Increasingly, language from the area of Economics is used about education. Our colleagues in the Economics Department regularly use terms such as customers, market exchange, consumers, commodities, money etc. It is entirely appropriate to engage those terms concerning the transfer of goods, such as coffee or oil, from one person to another. Transactions occur when a person wants to secure an item they desire which they do not provide for themselves. The transaction occurs through the exchange of money for commodity. The value of the commodity has no intrinsic value but has the monetary worth of what someone is willing to pay for it. But is the language of Economics appropriate in matter of education, and do the economic ideas and assumptions faithfully portrays the vision of education we hold?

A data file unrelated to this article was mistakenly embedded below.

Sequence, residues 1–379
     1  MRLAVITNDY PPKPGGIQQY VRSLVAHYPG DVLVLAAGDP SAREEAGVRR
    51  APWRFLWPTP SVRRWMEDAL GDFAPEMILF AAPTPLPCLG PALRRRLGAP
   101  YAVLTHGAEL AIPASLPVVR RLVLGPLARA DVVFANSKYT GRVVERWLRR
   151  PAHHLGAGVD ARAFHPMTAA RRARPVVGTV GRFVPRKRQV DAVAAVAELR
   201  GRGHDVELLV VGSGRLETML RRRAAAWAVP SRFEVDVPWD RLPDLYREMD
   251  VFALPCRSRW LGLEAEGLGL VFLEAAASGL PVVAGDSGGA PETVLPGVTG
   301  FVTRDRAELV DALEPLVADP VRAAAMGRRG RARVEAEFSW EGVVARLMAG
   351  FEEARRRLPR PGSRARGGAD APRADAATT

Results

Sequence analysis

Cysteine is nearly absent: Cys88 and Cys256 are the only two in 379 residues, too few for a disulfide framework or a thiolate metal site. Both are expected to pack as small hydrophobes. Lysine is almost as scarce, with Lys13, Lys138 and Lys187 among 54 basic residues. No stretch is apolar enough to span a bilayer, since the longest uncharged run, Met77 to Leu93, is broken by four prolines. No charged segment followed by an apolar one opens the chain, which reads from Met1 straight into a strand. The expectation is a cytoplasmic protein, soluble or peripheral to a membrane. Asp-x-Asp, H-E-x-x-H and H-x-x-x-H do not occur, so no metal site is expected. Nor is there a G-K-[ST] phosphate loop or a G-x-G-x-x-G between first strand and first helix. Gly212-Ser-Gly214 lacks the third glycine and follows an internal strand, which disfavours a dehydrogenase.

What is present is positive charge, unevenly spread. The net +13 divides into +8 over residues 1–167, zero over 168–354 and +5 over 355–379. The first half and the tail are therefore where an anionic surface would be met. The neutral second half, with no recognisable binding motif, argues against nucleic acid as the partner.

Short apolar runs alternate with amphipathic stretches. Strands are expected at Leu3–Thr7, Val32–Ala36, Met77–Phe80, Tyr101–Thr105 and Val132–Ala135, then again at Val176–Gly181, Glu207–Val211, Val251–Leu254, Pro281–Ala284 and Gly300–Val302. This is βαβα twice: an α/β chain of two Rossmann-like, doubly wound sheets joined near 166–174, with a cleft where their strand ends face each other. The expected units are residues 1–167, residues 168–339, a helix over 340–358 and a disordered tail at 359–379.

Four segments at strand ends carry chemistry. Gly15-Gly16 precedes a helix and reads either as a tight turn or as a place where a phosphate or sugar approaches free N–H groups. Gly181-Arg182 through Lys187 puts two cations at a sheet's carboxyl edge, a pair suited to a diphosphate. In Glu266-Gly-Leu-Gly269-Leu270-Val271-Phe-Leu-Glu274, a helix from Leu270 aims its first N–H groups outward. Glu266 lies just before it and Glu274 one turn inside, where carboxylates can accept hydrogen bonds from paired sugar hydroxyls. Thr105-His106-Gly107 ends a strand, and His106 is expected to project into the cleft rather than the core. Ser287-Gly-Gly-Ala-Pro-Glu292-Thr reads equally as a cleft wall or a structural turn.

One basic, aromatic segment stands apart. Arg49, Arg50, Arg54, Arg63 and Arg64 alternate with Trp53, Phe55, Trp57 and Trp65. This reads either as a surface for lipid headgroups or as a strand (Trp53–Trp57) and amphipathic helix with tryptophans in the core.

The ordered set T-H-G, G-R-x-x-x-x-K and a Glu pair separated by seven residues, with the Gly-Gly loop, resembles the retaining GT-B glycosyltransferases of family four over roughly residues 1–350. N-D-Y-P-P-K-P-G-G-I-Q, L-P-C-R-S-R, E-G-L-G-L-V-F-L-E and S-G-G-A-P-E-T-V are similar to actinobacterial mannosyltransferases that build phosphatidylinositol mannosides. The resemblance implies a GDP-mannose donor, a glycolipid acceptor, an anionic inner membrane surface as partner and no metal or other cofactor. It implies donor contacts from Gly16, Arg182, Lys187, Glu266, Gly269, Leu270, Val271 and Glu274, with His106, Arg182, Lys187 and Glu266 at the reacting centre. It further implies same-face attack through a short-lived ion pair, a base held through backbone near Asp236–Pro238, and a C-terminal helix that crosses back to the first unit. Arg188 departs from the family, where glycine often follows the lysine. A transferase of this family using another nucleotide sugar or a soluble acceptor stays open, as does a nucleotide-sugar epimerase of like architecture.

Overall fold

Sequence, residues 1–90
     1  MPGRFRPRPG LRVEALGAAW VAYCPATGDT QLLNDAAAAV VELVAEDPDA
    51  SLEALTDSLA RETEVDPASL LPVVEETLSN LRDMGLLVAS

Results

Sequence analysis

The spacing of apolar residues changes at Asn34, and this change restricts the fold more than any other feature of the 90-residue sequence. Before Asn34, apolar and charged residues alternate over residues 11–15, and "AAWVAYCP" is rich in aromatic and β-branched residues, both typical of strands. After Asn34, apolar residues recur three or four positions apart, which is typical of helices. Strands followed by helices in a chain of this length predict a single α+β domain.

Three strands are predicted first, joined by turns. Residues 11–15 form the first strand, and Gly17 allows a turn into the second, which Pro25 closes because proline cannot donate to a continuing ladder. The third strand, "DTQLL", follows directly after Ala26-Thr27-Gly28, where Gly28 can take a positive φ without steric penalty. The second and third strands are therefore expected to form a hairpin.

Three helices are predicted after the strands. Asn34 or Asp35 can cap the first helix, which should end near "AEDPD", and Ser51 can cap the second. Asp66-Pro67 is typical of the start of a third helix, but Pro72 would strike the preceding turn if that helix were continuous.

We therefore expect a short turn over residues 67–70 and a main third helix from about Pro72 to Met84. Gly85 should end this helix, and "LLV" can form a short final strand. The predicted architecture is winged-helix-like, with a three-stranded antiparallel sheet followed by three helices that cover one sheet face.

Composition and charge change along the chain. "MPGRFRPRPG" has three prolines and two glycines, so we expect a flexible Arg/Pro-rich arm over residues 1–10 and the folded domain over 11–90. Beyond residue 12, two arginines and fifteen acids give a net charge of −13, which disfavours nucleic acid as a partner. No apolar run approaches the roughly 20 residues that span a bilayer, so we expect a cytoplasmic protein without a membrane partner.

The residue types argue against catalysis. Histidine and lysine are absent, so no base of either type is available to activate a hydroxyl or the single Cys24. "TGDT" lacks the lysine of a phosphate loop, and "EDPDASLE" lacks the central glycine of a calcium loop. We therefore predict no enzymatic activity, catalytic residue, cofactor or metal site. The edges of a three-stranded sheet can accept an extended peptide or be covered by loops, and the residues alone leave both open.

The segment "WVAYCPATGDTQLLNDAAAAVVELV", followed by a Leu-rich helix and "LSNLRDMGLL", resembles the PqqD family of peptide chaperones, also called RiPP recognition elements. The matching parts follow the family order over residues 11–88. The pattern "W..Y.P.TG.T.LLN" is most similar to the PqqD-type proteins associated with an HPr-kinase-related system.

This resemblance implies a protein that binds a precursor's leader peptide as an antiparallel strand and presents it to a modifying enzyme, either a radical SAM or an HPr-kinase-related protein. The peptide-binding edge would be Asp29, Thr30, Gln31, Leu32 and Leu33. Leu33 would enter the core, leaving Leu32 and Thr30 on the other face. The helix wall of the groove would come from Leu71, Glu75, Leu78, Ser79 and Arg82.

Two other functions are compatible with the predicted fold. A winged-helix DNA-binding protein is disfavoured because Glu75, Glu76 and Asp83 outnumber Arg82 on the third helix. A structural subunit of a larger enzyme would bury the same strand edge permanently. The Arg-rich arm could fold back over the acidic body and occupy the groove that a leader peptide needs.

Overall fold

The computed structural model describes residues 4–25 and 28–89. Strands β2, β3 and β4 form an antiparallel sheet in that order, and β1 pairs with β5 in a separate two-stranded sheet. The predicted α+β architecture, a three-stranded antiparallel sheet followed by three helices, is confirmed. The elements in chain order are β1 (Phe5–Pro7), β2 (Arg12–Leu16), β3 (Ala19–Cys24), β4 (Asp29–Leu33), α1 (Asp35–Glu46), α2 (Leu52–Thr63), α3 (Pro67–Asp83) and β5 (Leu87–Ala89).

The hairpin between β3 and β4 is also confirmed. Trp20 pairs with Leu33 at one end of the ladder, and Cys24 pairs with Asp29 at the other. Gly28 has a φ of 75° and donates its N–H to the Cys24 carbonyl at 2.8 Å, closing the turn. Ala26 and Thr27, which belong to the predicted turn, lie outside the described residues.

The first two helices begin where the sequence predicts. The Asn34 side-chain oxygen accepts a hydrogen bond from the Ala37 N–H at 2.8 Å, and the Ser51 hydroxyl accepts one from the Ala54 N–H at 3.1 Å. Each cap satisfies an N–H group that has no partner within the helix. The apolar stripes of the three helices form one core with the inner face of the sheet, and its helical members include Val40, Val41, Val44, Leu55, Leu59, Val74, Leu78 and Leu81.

I suggest that as far as education is concerned, and very specifically private education where parents pay fees, adopting economic language is inaccurate and has a potentially corrosive effect, devaluing and distorting the high vision we have of education.
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